From Small Town to Mayo Clinic, Graduate Driven to Boost Rural Health

  • April 19th, 2022
Nursing graduate Mason Aldridge’s commitment to serving rural communities has led him to the Mayo Clinic in Rochester, Minnesota.

Growing up in Fayette, Alabama, Mason Aldridge witnessed the challenges to accessing health care that people living in rural communities face. He also experienced firsthand the difference one person can make. 

As a teenager sitting in a hospital room surrounded by his family, Aldridge watched the nurse caring for his grandfather during his final days. Aldridge was struck by the nurse’s compassion and professionalism. He found his true calling. 

“Being by someone’s side and knowing you’ve done everything you can do to make their day just a little better is something that I value and is what drew me to health care,” Aldridge said. 

His passion to serve others in rural communities stemmed from his personal experiences, but his journey to the Capstone started with the University’s Rural Health Scholars program. Aldridge attended the RHS program before the start of his senior year of high school in 2017. The hands-on program let Aldridge shadow health care workers, visit rural facilities and gain valuable knowledge about the state’s health care system.  

Five years later, Aldridge is set to earn his bachelor’s degree in nursing in May and become the first college graduate in his family.  

Aldridge’s time at the Capstone has been filled with several successes, including being the past president of UA’s First Fellows, president of Tuscaloosa Men in Nursing and an ambassador for the Capstone College of Nursing. In 2021, he was recognized by The Conversationalist as a health care honoree and served on a panel for the platform’s YouTube channel. 

Throughout it all, his determination to transform the health of small communities like his hometown never wavered. In 2021 Aldridge founded the Rural Health Factor, a nonprofit organization currently working within the Black Belt to provide accessible health care and improve the overall community. 

“I primarily talk about things like preventative health care measures — like how to check your blood pressure or pulse rate, and what does it mean to have diabetes? And how can you manage those issues if you don’t have access to health care?” Aldridge said. “If we can teach someone how to make diet modifications, or lifestyle changes such as increasing exercise or overall well-being, treating a person in a holistic approach will decrease their physical symptoms and disease progression, ultimately.”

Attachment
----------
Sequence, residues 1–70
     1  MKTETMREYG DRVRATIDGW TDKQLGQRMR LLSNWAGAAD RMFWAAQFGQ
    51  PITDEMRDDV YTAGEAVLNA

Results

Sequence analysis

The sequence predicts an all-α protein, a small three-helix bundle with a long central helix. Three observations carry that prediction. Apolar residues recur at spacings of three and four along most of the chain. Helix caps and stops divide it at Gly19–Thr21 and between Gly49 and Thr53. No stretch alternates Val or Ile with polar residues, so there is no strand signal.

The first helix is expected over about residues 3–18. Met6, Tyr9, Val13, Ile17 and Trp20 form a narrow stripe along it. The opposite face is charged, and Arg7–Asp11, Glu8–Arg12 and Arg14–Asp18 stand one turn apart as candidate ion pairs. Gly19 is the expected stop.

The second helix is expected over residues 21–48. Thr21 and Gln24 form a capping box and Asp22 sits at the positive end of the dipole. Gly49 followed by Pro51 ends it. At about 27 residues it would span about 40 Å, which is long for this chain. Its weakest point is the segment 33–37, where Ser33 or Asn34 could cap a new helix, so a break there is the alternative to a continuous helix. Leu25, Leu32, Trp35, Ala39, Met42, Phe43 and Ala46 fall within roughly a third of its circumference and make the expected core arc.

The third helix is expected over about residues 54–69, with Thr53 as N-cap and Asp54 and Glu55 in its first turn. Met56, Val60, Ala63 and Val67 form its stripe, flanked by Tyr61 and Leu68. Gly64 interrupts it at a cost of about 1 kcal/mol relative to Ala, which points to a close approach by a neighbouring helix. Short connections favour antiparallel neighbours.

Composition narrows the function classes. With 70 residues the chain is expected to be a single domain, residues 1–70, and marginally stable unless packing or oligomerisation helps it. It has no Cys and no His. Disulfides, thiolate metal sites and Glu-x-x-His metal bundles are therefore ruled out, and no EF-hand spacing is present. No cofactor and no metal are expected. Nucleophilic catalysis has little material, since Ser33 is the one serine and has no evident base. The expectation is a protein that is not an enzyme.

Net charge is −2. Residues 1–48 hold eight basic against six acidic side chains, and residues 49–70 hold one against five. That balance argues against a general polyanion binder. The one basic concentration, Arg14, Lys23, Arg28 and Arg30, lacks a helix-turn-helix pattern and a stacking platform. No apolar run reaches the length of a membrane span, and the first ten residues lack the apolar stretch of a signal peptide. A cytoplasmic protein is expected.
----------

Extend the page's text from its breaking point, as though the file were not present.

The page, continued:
His boots-on-the-ground approach through his research projects and nonprofit has helped provide basic first-aid care, a community garden and educational messages to residents of Uniontown, Alabama. Aldridge will continue to head the nonprofit after completing his degree, aiming to expand its reach to other communities. 

Aldridge is the first in his family to graduate college.

After graduation, Aldridge will head to the nurse residency program at the prestigious Mayo Clinic in Rochester, Minnesota, where he will work in the pediatric intensive care unit. But that is not the last stop for the Alabama native. 

“I would love to earn a Doctor of Nursing, have my own practice on the side and then pursue either a master’s degree or a doctoral degree in public policy or in health policy,” Aldridge said. “I want to be the person bridging the gap between what we are doing in practice and what we can do in policy. That way, we have better outcomes for not only the providers but also for the patients.” 


Caroline Gazzara-McKenzie, Strategic Communications,

The University of Alabama, part of The University of Alabama System, is the state’s flagship university. UA shapes a better world through its teaching, research and service. With a global reputation for excellence, UA provides an inclusive, forward-thinking environment and nearly 200 degree programs on a beautiful, student-centered campus. A leader in cutting-edge research, UA advances discovery, creative inquiry and knowledge through more than 30 research centers. As the state’s largest higher education institution, UA drives economic growth in Alabama and beyond.